The EPA's stated purpose in issuing subpart D was to promote transparency and public involvement in the development and amendment of EPA guidance documents. The EPA notes, however, that the Agency has historically employed procedures for public transparency and involvement in the development of all Agency actions, including guidance, and will continue these practices. The EPA will continue to make Agency guidance available to the public on the Agency's website at https://www.epa.gov. In addition, the EPA will comply with all statutory obligations pertaining to posting documents for public accessibility. The EPA will also continue its practice, as appropriate, of soliciting stakeholder input on guidance of significant stakeholder and public interest. Consistent with the APA, stakeholders may still petition the EPA at any time regarding our regulatory programs, including requests to issue, amend, or repeal EPA guidance, by contacting the Start Printed Page 26843EPA program office or regional office that is responsible for administering the area of stakeholder interest. Finally, the EPA notes that guidance is non-binding and does not have the force and effect of law. Accordingly, the EPA will continue to include in all guidance a disclaimer that the guidance is non-binding. Considering these practices regarding guidance, the EPA believes that rescinding the subpart D regulations will restore the flexibilities needed effectively to address the challenges listed in E.O. 13992 and to otherwise meet the Agency's statutory duties.
Therefore, in accordance with E.O. 13992 and for the reasons stated above, the EPA is rescinding its internal agency procedures for issuing guidance documents codified at 40 CFR part 2, subpart D.
IV. Statutory and Executive Orders Reviews
Additional information about these statues and Executive orders can be found at https://www.epa.gov/laws-regulations/laws-and-executive-orders.
A. Executive Order 12866: Regulatory Planning and Review and Executive Order 13563: Improving Regulation and Regulatory Review
This action is exempt from review by the Office of Management and Budget (OMB) because it is a rule of agency procedure and practice and is limited to agency management.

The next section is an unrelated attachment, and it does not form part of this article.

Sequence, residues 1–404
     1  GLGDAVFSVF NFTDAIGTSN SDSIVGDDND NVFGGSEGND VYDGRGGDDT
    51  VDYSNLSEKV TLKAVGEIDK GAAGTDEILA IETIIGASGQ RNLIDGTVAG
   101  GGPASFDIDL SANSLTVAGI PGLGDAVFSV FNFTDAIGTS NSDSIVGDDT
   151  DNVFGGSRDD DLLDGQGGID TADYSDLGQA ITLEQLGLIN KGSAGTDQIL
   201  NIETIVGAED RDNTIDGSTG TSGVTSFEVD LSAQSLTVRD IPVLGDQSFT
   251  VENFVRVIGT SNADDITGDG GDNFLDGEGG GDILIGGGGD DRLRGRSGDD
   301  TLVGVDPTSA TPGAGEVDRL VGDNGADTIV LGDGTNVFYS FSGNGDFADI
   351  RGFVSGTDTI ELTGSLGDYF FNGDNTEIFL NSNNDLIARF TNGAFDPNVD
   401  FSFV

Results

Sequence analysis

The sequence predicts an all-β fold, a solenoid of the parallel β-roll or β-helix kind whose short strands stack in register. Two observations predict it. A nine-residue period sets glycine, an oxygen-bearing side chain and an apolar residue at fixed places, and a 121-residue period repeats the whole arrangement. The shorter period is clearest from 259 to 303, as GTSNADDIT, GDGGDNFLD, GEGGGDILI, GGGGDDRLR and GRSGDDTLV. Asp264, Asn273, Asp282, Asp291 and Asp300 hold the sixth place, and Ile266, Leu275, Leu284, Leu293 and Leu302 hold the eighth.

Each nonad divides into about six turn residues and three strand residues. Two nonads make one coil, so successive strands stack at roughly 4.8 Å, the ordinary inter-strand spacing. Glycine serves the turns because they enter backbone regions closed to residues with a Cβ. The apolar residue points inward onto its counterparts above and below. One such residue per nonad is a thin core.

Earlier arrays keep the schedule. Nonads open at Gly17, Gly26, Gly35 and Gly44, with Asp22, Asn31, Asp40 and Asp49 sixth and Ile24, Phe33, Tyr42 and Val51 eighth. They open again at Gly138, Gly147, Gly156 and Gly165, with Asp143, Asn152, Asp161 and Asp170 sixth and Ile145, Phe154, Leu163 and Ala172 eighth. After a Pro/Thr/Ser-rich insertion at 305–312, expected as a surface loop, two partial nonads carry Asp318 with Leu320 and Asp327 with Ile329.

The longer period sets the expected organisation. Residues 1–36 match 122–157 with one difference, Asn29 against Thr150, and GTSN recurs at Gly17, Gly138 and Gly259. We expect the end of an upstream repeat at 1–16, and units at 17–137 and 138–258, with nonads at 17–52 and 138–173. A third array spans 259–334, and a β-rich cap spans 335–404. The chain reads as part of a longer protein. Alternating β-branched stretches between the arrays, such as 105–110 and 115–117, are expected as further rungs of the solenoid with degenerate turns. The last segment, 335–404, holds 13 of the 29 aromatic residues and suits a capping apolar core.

B. Paperwork Reduction Act (PRA)
This action does not contain any information collection activities and therefore does not impose an information collection burden under the PRA.
C. Regulatory Flexibility Act (RFA)
This action is not subject to the RFA. The RFA applies only to rules subject to notice and comment rulemaking requirements under the Administrative Procedure Act (APA), 5 U.S.C. 553, or any other statute. This rule pertains to agency management or personnel, which the APA expressly exempts from notice and comment rulemaking requirements under 5 U.S.C. 553(a)(2).
D. Unfunded Mandates Reform Act (UMRA)
This action does not contain any unfunded mandate as described in UMRA, 2 U.S.C. 1531-1538, and does not significantly or uniquely affect small governments. The action imposes no enforceable duty on any state, local, or tribal governments or the private sector.
This action does not have federalism implications. It will not have substantial direct effects on the states, on the relationship between the National Government and the states, or on the distribution of power and responsibilities among the various levels of government.
F. Executive Order 13175: Consultation and Coordination With Indian Tribal Governments
This action does not have tribal implications as specified in Executive Order 13175. Thus, Executive Order 13175 does not apply to this action.
G. Executive Order 13045: Protection of Children From Environmental Health Risks and Safety Risks
The EPA interprets Executive Order 13045 as applying only to those regulatory actions that concern environmental health or safety risks that the EPA has reason to believe may disproportionately affect children. Per the definition of “covered regulatory action” in section 2-202 of Executive Order 13891 and because this action does not concern an environmental health risk or safety risk, it is not subject to Executive Order 13045.
H. Executive Order 13211: Actions Concerning Regulations That Significantly Affect Energy Supply, Distribution or Use
This action is not subject to Executive Order 13211 because it is not a significant regulatory action under Executive Order 12866.
I. National Technology Transfer and Advancement Act (NTTAA)
This rulemaking does not involve technical standards.
J. Executive Order 12898: Federal Actions To Address Environmental Justice in Minority Populations and Low-Income Populations
The EPA believes that this action is not subject to Executive Order 12898 (59 FR 7629, February 16, 1994) because it does not establish an environmental health or safety standard. This regulatory action is a procedural rule and does not have any impact on human health or the environment.
K. Congressional Review Act
This rule is exempt from the CRA because it is a rule of agency organization, procedure or practice that does not substantially affect the rights or obligations of non-agency parties.
Start List of Subjects
End List of Subjects
- Environmental protection
- Administrative practice and procedure
- Organization and functions (Government agencies)
Michael S. Regan,
For the reasons set forth in the preamble, the Environmental Protection Agency amends 40 CFR part 2 as follows:
PART 2—PUBLIC INFORMATION
Start Amendment Part
1. The authority citation for part 2 is revised to read as follows: End Amendment Part
Subpart D [Removed]
Start Amendment Part
2. Remove subpart D, consisting of §§ 2.501 through 2.507. End Amendment Part
End Supplemental Information
[FR Doc. 2021-10269 Filed 5-17-21; 8:45 am]
BILLING CODE 6560-50-P